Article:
When the crowd opened Hank Taggart was led out, dragging his feet, between two tall, sort of quiet men. “The provincials,” said Mr. Turner.

The Reverend got back on the platform, real quick. “Friends and neighbors,” he began again, as if nothing had happened. He said how wonderful it was to have this fine day and how pleased he was to have this turnout and how proud to have in our very midst our representative in Parliament to give us a first-hand report on the coming election. We ate while he talked, which kept even the children quiet, and suddenly a voice behind me said, “Who belongs to them two bottles on this table?”

“I do,” said dad, looking around. “Cider in ’em. Why?”

It was one of the tall quiet men. “Just want to look at them, that’s all.” Mrs. Turner gasped, “Why, of all the nerve!” but the man uncorked one bottle anyway, sniffed at it, started to put it back with an apology then lifted it high and glanced at the label. He looked at dad sharply. “Where did you get this bottle?”

“Why, in Firland,” said dad.

The Rev. Meatley had been frowning while all the talking went on and now he stopped dead and everybody stared our way. I saw mother’s hand creep toward her throat. The man said to dad, “Who’s handwriting is this on this hottle?” I’d seen dad write those dates in pencil on the labels and stick them on his bottles. Dad thought a minute, then said, “It’s my handwriting, of course. What of it?”

“That so!” said the man, fishing a label from his pocket. “This is from one of the bottles we took off Taggart. This your handwriting, too?” It was marked in pencil exactly the same way.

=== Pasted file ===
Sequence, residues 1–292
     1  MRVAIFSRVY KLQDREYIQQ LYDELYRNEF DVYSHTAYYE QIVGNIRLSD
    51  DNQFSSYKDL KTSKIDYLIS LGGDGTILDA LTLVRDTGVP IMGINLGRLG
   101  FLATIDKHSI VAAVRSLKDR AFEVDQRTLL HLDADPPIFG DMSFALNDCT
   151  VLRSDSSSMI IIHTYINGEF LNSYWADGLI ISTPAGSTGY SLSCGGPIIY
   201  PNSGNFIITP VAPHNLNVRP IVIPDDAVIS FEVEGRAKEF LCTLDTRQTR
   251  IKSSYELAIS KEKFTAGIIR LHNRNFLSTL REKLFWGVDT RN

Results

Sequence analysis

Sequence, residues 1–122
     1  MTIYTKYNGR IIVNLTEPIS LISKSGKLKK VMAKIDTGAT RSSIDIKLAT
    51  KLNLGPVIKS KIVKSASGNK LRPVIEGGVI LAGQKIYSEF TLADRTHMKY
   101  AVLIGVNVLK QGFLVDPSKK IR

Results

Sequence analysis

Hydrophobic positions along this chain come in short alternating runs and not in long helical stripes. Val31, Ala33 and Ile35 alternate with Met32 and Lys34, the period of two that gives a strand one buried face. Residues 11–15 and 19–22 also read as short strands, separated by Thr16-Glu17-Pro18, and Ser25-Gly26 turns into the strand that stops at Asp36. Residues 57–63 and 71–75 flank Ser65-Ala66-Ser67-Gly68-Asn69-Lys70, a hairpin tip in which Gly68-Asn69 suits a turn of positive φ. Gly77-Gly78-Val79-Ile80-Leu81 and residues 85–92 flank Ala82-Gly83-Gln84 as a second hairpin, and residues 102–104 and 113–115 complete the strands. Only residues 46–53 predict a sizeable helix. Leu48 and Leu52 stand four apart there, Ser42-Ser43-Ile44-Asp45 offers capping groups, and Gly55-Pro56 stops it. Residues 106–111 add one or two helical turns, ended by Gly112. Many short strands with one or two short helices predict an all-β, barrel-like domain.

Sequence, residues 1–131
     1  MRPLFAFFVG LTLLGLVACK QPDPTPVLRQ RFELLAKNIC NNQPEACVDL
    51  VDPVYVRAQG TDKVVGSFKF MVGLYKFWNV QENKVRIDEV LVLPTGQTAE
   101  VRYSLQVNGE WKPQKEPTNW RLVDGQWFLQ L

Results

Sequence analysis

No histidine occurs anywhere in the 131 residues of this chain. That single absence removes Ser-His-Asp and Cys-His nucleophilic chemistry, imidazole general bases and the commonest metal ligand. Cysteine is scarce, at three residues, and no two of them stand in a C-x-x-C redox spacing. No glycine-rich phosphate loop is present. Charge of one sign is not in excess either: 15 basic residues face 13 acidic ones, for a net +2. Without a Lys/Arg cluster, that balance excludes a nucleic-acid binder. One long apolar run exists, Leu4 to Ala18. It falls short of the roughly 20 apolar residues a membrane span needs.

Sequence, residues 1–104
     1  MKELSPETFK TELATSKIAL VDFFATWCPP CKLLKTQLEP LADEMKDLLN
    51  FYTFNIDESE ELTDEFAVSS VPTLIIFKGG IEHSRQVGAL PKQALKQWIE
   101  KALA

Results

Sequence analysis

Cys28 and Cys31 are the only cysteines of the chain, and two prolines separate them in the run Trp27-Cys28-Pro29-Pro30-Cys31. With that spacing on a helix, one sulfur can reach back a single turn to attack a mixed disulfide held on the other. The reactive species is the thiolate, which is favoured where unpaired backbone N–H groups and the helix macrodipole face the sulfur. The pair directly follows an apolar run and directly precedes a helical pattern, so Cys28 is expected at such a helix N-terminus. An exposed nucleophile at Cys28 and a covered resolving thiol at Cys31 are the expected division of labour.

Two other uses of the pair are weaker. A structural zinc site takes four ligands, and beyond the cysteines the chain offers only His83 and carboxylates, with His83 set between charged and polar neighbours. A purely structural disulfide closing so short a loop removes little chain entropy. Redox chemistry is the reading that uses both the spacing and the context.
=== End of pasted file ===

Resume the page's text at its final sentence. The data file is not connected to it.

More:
“It’s a crazy coincidence,” said dad, swallowing. “I never had anything to do with Hank Taggart.”

“Better come over here and talk things over with me and my buddy,” said the officer. “We’re trying to find out where Taggart gets his stuff . . . Maybe you can help us.” Dad looked at mother, just once, then turned to go. There was the most dreadful silence for a minute.

nPHEN everybody started talking at once. “The idea! Coming right to your table!” gabbled Mrs. Turner. “It must be a mistake,” said Mr. Turner. “Of course it is,” said somebody else. Mother had been standing like a grey statue through all this. Suddenly she came to life, jerked Hazel away from the table, took me by the hand and pushed us toward our truck. She told me to work the spark while she cranked it. The engine went off with a roar and mother told Hazel to get onto the seat with me. Hazel started to cry when she understood we were leaving the picnic ground but mother wasted no time arguing—just gave her a slap that jolted her into silence, jerked her onto the seat and a second later we moved out of the meadow and on our way home.

I think mother was the maddest I’ve ever seen her. I asked no questions— her jaw was too set. She had the throttle wide open and it didn’t seem any time before we sighted our road, turned up it and drew up before our house in a cloud of dust. She ordered Hazel to stay on the porch and run to tell us if she sighted anybody coming, then turned to me and told me to lead her to that still in the hollow. It shocked me a little to realize she’d never seen that still and didn’t know where it was.